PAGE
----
In deciding the instant controversy certain well settled principles must be kept in mind: (1) ". . . it has been stated over and over again that on an appeal from a decree awarding a preliminary injunction the Supreme Court will consider only whether any apparently reasonable grounds for the action of the court below existed, and the decree will be affirmed unless the record presents palpable legal error": Philadelphia v. Philadelphia Transportation Co., 386 Pa. 231, 236, 126 A.2d 132 (1956) and authorities therein cited; (2) arbitration is a matter of contract, and, absent an agreement between the parties to arbitrate an issue, the parties cannot be compelled to arbitrate that issue: United Steelworkers v. Westinghouse Electric Corporation, 413 Pa. 358, 362, 363, 196 A.2d 857 (1964); (3) it is for the court to determine on the basis of the contract provisions whether a party is bound to arbitrate and what issues, if any, it must arbitrate: Atkinson v. Sinclair Refining Co., 370 U.S. 238, 241, 82 S. Ct. 1318 (1962); United Steelworkers, etc. v. Warrior & Gulf Navigation Co., 363 U.S. 574, 582, 80 S. Ct. 1347 (1960); (4) recourse to arbitration as a means of resolving labor disputes is favored by the law (Textile Workers Union v. Lincoln Mills, 353 U.S. 448, 77 S. Ct. 912 (1957); United Steelworkers v. Warrior & Gulf Navigation Co., supra, 363 U.S. pp. 578, 584, 585) and there is a "federal policy of settling labor disputes by arbitration" (United Steelworkers v. Enterprise Wheel & Car Corp., 363 U.S. 593, 596, 80 S. Ct. 1358 (1960)).
[ 426 Pa. Page 59]
In the case at bar, the Union, seeking arbitration, alleges that an arbitrable issue has arisen under the collective bargaining agreement because that agreement has been violated by Louise Schoellhammer, a signatory to and an "Employer" under that agreement, in not applying the provisions of the agreement to the Manor and its employees which, allegedly, is an establishment now operated and maintained by Louise Schoellhammer.
Under the terms of the collective bargaining agreement, the Association, which represented, inter alia, Louise Schoellhammer, recognized the Union as the exclusive bargaining agent for all the employees of the Association members, if such employees worked in any establishment of any Association member which such Association member operated and maintained at the time of the agreement or operated and maintained thereafter during the term of the agreement. Beyond any question, this collective bargaining agreement, together with its arbitration provisions, bound the Association, the Union and Louise Schoellhammer.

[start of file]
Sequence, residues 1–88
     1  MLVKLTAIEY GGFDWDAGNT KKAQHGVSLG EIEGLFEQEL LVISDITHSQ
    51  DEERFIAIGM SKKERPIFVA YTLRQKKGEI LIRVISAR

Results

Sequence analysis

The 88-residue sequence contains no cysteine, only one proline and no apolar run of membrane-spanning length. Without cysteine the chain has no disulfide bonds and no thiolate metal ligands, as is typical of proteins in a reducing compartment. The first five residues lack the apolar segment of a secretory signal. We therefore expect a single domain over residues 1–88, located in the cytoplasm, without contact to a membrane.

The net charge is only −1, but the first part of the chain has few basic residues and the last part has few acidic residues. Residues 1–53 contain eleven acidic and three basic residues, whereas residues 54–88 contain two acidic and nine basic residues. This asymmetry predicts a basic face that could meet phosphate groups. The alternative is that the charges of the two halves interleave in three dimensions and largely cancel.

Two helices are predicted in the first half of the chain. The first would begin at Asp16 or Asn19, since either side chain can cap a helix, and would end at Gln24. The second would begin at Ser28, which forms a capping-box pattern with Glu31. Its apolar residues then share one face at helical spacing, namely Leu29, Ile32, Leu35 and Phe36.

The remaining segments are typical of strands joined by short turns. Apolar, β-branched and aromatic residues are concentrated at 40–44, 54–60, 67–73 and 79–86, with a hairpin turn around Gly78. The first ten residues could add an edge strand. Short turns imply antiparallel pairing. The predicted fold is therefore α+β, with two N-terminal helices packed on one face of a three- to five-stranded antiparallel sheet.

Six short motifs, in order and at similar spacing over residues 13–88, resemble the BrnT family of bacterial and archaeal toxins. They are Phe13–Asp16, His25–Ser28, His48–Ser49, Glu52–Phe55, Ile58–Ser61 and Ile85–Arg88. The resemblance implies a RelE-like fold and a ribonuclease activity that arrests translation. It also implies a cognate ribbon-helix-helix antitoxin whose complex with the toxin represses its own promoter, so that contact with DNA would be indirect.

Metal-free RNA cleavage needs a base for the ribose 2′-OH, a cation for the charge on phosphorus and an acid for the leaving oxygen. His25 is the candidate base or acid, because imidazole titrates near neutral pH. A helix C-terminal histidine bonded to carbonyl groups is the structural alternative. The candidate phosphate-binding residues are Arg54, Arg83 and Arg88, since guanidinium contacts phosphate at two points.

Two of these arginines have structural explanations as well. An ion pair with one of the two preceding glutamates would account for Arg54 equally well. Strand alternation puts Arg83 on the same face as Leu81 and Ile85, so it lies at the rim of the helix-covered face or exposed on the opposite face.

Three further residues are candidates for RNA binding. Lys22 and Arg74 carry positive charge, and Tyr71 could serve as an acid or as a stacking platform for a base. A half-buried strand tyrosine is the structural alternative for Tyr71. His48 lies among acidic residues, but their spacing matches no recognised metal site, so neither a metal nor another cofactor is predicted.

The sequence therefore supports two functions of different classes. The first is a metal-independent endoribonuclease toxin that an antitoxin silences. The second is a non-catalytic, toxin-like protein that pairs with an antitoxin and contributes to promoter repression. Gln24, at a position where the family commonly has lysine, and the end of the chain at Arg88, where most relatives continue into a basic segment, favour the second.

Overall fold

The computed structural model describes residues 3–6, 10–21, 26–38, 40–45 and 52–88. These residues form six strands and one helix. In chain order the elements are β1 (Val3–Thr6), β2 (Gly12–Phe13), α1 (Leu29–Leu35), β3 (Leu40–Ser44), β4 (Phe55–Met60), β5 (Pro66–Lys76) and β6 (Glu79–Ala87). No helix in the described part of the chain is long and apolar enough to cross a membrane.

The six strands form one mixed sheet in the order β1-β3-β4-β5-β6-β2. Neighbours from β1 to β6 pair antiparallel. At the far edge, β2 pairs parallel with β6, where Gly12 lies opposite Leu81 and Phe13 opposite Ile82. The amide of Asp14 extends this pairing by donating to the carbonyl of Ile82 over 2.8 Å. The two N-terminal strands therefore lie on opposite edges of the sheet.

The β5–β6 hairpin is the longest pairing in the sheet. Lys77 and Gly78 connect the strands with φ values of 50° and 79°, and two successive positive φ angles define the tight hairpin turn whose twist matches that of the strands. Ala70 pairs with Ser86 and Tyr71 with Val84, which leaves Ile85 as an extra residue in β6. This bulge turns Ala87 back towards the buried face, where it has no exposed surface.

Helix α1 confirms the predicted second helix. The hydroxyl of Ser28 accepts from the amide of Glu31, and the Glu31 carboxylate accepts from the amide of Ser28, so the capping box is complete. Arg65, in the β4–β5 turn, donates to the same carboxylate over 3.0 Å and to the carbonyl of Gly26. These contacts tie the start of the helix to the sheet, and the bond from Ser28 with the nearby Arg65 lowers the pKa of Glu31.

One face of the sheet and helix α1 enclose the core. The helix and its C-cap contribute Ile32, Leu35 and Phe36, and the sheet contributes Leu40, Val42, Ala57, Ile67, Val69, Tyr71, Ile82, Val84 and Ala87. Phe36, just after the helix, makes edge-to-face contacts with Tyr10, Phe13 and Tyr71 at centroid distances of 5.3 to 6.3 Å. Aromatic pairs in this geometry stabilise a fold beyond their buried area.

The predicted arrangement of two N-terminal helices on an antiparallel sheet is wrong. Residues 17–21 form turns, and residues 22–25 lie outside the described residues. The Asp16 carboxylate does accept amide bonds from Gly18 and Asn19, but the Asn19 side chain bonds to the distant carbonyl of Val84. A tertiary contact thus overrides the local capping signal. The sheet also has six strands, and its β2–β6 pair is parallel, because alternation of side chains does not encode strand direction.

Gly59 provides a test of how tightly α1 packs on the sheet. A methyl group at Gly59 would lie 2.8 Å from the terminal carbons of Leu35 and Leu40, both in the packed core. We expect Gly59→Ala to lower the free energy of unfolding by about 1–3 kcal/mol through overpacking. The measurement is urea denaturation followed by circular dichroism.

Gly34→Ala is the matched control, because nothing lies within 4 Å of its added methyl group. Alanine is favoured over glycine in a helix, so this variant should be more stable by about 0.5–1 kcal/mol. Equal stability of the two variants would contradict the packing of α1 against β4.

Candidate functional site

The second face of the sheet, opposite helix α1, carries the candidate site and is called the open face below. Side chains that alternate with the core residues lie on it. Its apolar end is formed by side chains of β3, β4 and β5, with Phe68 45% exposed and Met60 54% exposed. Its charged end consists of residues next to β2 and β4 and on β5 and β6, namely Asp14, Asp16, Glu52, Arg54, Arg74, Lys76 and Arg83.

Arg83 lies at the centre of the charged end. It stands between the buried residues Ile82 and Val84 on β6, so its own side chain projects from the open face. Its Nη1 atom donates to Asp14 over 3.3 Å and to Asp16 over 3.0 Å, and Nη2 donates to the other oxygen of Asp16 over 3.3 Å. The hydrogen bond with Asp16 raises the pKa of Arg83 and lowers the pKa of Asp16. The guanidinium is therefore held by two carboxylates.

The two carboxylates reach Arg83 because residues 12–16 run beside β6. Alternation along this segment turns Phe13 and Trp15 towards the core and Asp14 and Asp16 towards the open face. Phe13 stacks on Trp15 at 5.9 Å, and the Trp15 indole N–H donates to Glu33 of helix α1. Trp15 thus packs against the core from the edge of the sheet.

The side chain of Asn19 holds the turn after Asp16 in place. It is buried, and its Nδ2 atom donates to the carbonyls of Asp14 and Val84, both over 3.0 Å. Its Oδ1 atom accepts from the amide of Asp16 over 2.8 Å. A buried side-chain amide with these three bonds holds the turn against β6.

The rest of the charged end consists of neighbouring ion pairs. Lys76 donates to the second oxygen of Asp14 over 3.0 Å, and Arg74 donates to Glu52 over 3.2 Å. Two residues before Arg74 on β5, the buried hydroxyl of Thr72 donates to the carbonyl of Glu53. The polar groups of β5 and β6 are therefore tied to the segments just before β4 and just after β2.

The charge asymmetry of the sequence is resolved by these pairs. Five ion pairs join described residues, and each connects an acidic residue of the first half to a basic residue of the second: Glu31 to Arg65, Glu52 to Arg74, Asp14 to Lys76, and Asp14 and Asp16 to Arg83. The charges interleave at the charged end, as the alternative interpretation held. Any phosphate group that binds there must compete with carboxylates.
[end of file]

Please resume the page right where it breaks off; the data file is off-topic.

An examination of the decree granting injunctive relief to the court below reveals its broad and sweeping nature: it restrains the Association, the Union and Louise Schoellhammer from (1) seeking to determine, by arbitration or otherwise, any matter involving the "rights, duties, liabilities and responsibilities of [Manor] and its employees, either directly or indirectly", (2) doing any act to compel Manor to recognize the Union as representative of Manor's employees for collective bargaining purposes or to compel Manor to require its employees to become members of the Union,*fn6 (3) doing any act to interfere with Manor's employees' right to select their own collective bargaining agent, (4) engaging in any unlawful acts and interfering
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with Manor's business and, (5) doing any act indicating to the public that Manor and its employees have a labor dispute.*fn7 In justification of its grant of this injunctive relief, the lower court noted that Manor was not a signatory to the collective bargaining agreement and that, since arbitration is a matter of contract, Manor, which was not a party to the agreement, could not be compelled to arbitrate.
In determining the validity of this decree, initially, we must look to the factual posture of this litigation. Under the collective bargaining agreement, the Association, the Union and Louise Schoellhammer agreed to submit to arbitration "all matters in controversy or dispute", with certain presently irrelevant exceptions. A dispute arose between the Association and Louise Schoellhammer on the one part and the Union on the other part as to whether Louise Schoellhammer was operating and maintaining the Manor so as to bring the Manor's employees within the scope of the arbitration provision. The Union then demanded that this dispute be submitted to arbitration. Such demand was made not on Manor, who was not a party to the collective bargaining agreement, but on Louise Schoellhammer, who was a party to the agreement.
Upon such demand being made, Manor then instituted the instant litigation to prevent any arbitration of the dispute on the ground that it was not a party to the collective bargaining agreement. In Goldstein v. International Ladies' Garment Workers' Union, 328 Pa. 385, 391, 392, 196 A. 43 (1938), this Court decided that the issue whether the appellants in Goldstein were parties to a collective bargaining agreement under which arbitration was to be conducted was a matter for preliminary determination by the court and not by the